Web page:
The next few days were filled with astounding performances by the USA. I was so proud to be a member of that team; every one of my teammates had inspiring swims. I used that inspiration for my swim on the prelims 4×100 medley relay. Along with Olivia Smoliga, Kelsi Worrell, and Abbey Weitzeil, we advanced our relay to the final, where Kathleen Baker, Lily King, Dana Vollmer, and Simone Manuel went on to win a gold medal. Swimming on a relay for the United States is a true honor, and I am so grateful I had that experience with those amazing women.

People often ask me if I feel like my life has changed since the Olympics. My answer is yes, but not because the Olympics itself is some sort of life altering force. The Olympics are the most remarkable and wonderful swim meet I’ve ever been to, but, at the end of the day, it’s just a swim meet.

It’s not the meet itself, but the journey leading up to it that is transformative. The life-altering forces were the people I met, the places I visited, the challenges I faced, and the things I learned about myself. Those are the things that I am most grateful for and will cherish forever. Those are the things that have changed my life for the better.

2016 US Olympic Trials – Omaha, Nebraska

As you might expect, the US Olympic Team Trials is a swim meet unlike any other in our sport. It’s an emotional rollercoaster and the hardest (but most important) part of the experience is managing those emotions. While I tried to play it cool, I admittedly had more thoughts of fear and anxiety than excitement and joy. I love swim meets… I love racing and competing; feeling anxious and apprehensive was new, strange, and quite unwelcome. I’m lucky I have great coaches, teammates, family, and friends who all helped keep me calm and sane throughout the process.

For those of you who don’t know, each event at the meet (excluding some of the longer races) is swum three times over two days. Every qualifier swims prelims; the top 16 continue to semi-finals; and the top 8 to the final. I made it through prelims and semi-finals on pure excitement and energy… swimming in front of 12,000 people is crazy! But, heading into the final, I felt vulnerable, knowing that I could potentially have the best swim of my life and still not make the team. Though I was so nervous and scared, I tired to appreciate every moment. When am I going to be in a situation like that again? Regardless of the outcome, what an incredible life experience!! Once again the sport of swimming has given me a gift I could never get elsewhere.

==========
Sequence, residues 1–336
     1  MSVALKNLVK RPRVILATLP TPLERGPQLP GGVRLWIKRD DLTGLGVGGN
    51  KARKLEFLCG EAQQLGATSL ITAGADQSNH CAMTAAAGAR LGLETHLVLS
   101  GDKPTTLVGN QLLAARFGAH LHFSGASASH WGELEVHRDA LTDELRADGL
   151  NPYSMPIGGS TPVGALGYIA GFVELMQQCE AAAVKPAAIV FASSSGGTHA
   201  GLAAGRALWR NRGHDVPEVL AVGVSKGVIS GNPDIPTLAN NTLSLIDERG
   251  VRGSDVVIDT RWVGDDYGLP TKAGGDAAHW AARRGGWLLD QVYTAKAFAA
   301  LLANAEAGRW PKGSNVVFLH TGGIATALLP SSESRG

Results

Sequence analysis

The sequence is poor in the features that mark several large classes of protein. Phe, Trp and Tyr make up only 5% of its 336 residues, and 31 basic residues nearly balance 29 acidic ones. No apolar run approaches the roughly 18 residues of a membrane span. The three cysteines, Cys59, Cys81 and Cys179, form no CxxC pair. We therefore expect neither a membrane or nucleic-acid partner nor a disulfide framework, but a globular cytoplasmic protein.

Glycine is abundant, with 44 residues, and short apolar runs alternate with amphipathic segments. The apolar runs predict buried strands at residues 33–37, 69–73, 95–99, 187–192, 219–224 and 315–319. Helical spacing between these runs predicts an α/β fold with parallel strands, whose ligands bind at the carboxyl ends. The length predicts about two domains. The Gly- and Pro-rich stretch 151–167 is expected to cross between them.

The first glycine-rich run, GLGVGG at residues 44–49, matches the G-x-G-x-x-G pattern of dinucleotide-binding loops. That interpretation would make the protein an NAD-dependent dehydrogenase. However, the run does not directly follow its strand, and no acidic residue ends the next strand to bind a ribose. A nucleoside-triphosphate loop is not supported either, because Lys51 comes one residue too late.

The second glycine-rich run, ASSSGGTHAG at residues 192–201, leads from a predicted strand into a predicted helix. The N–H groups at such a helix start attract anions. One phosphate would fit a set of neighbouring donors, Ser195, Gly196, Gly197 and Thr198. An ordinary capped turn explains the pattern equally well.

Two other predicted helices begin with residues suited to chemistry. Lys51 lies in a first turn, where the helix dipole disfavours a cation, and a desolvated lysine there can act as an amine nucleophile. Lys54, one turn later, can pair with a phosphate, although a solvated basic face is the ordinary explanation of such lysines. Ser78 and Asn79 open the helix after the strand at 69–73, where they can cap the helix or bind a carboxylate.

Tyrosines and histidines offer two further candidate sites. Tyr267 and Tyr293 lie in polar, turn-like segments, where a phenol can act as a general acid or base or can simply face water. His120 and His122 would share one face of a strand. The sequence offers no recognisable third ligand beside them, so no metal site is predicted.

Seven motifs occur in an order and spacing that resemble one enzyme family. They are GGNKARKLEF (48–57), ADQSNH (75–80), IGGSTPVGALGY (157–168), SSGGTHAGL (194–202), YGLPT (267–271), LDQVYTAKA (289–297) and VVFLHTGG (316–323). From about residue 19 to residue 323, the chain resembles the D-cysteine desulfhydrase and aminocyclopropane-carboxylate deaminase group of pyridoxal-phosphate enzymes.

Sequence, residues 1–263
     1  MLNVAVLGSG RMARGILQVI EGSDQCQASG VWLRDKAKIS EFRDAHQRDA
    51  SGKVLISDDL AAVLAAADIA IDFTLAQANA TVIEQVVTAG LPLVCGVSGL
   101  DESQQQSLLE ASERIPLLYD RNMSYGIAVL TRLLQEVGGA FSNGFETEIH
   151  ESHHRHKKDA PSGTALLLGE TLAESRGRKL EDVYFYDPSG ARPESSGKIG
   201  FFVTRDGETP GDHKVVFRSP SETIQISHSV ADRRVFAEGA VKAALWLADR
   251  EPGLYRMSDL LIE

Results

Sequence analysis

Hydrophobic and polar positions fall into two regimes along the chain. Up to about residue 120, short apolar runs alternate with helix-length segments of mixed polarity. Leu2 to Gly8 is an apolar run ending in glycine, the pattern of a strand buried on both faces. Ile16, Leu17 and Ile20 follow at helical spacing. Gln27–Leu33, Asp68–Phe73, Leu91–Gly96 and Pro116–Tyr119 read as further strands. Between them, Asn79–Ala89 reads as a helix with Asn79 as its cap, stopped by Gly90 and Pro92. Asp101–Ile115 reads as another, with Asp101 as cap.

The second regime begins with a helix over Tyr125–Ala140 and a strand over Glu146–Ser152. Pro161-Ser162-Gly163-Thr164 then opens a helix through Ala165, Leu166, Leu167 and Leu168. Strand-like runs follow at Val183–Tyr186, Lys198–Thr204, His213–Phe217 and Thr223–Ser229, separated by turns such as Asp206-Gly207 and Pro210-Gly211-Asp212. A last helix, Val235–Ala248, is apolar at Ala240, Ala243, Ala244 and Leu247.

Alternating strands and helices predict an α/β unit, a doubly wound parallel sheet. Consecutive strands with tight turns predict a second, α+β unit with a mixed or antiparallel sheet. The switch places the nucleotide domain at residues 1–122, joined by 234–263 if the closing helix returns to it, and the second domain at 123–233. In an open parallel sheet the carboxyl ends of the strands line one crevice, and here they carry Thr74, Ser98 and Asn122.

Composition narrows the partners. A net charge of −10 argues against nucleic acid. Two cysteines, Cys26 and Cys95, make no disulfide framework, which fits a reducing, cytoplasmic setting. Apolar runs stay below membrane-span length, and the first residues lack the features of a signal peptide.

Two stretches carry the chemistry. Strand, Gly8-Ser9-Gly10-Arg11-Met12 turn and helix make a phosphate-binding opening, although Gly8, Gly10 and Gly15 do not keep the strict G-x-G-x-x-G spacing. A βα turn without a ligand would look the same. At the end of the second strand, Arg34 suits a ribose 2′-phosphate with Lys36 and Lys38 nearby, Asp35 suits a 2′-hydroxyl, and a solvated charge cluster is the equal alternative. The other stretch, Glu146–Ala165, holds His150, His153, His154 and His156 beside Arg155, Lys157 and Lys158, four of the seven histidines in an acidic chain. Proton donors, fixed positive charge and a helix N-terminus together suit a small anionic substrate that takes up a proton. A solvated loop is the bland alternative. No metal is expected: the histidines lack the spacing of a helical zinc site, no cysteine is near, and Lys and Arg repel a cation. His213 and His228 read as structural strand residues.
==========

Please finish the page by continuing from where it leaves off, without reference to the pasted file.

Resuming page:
The second I hit the wall and saw 2nd place by my name I felt overwhelming joy combined with overwhelming relief. I did it. I was going to the Olympics. My lifelong dream was now a reality. How do I put that feeling into words? I cant. I can only express gratitude to all the people who played any role (small or large) in my journey. I would not be here if it were not for all of you!!

Although I made the team on the third day of the meet, I wasn’t able to step off that emotional roller coaster just yet. I have met some of my best friends through this sport; I’ve formed incredible relationships with even better people. You better believe that I swam each of their races with them. I experienced their joy when I watched them make the team, and I felt their heartbreak when I watched them just miss it. It was a lesson we have all heard many times made evident and very real… This sport is about so much more than the swimming and the times you go; it’s about the people you meet and lasting relationships you form along the way. That is what’s special, that is what’s important, and that is what’s real.

I am humbled and honored to get to represent the USA at the Olympics. To me, the Olympics is a festival of peace, an revered tradition where the world comes together to accomplish something as a whole while simultaneously celebrating differences. I cannot think of any other event that holds cultural significance in every country in the world. The blanket of the Olympics, like some sort of magic, transcends boundaries and differences, it rises above negativity and hatred, and it is truly beautiful. What an incredible thing to be a tiny piece of thread in that magical blanket.